|Darren's Tahoe Rim "Trail"|
Darren dropped from the peak to learn, again, that the TRT single-track was not to be found. Scraping and shoveling of snow attracted his attention downslope, maybe some hikers were making their way from Star Lake, his mid-point goal. The sound's source turned into a gaping hole with very prominent, freshly imprinted bear tracks. The tracks pointed downslope, so Darren turn back up-slope, back in the general direction of the unseen lake. I had told him that the trail was good north of Star Lake and that he should be at an elevation equal to that of Montgomery Pass which he could see. After several miles of crossing snow he realized he had to regain altitude to get to the cirque of Star Lake, and soon found the Star Lake Trail (an off-shoot of the TRT) and climbed back to the lake. Now he could enjoy the true character of the summer-time TRT.
|Nice Single-track below Montgomery Pass|
While Darren skated and climbed his way to Star Lake, I retraced my steps toward Kingsbury. Feeling none of the effort of the previous week, I cruised easily along the trail. It is in these moments that the weekly training pays dividends. I wasn't moving especially fast, I was simply going easily along the trail enjoying being at altitude and on great single-track. At moments I did try to increase my pace and test my legs as I moved beyond 15 miles. Getting a bit carried away while descending the second-to-last switchback in Heavenly, I tripped on a technical section and skidded to a four-point landing, knees, hips, hands, and elbows, between two boulders. I was happy with the result and only slightly bloodied and torn by the crash. It was the boulder I full-frontal kicked maybe thirty seconds later that brought true pain, though I didn't come close to going down twice.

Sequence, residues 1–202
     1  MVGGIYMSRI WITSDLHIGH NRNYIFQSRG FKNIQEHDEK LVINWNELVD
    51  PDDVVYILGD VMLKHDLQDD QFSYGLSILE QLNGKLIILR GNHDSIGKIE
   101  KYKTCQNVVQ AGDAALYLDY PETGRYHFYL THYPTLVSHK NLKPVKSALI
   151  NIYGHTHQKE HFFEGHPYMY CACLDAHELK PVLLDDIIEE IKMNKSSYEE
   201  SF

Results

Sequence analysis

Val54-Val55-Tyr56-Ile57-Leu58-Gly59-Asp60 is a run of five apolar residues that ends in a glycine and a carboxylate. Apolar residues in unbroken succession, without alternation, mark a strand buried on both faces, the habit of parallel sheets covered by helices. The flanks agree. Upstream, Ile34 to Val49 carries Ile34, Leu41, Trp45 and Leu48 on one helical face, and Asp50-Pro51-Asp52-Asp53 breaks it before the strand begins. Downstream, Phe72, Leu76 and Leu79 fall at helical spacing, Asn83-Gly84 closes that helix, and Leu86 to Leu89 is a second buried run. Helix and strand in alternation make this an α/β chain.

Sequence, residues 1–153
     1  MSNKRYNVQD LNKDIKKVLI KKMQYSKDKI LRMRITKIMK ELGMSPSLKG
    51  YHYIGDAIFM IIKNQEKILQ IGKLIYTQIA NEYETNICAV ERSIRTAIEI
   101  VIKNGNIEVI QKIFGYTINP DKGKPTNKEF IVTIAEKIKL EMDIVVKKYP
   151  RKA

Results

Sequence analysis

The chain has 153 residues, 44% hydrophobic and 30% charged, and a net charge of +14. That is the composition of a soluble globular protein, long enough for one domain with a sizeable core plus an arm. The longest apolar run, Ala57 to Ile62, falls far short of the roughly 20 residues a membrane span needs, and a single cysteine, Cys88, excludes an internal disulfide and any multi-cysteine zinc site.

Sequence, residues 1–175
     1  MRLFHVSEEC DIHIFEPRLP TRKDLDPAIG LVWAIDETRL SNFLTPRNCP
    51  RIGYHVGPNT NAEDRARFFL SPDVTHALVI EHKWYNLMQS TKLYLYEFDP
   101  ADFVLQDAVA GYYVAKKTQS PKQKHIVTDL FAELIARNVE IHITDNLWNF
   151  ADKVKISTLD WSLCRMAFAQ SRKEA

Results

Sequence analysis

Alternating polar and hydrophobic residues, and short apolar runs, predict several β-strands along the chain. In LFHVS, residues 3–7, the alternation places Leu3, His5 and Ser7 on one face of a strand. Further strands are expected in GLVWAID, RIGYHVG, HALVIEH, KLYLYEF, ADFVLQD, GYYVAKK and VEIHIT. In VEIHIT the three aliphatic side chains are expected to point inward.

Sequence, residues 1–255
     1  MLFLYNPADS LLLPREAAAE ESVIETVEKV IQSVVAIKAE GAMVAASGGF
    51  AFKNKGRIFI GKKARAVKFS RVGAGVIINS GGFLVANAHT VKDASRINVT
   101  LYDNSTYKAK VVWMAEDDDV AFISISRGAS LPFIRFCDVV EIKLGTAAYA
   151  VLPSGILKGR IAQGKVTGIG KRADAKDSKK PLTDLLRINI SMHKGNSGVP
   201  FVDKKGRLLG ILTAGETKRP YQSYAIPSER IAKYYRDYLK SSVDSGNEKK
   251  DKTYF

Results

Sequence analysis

|Darren 25 miles later|
I arrived at Kingsbury (Stagecoach Lift Trailhead) muddied and newly bruised but what a perfect run! Not even half as spent as I was on a shorter effort last week (the cool temps certainly helped). Darren finished about two hours later with over seven hours on the trail and 25 miles covered. He, too, thought it was the best worst 25-mile time he'd ever had. It's what we do. A damn good day.
I brushed things out with a little over seven miles on Sunday morning, the bruises hurt getting started but other elements feel fine though they move a bit slower. My toe is blue from the second stumble yesterday, but it doesn't affect my stride. Rolled through the horses of Long Valley in the late morning. Last time I ran this route it was 11 degrees on Thanksgiving Day 2010, today I'm in only shorts and shoes, trying to remember how this all started.
Dennis and Mary recovered from their ascent of Mt. Shavano and hit their routine again this week. They capped off the week with six miles on Saturday and 5.6 on the trails of Easter Hill on Sunday. They are preparing for the Pioneer 10K races in Provo, Utah, in a couple weeks.
Here's to all those who started Hardrock to head for the finish line, a 100 miles, 33,000 feet, and up to 48 hours later. Our friend and coach Tim Long, aka Footfeathers, finished 44 hours after toeing the line in Silverton, Colorado. Almost half the field did not complete the arduous loop in the San Juans. Cheers to Tim, and all the others, for keeping going...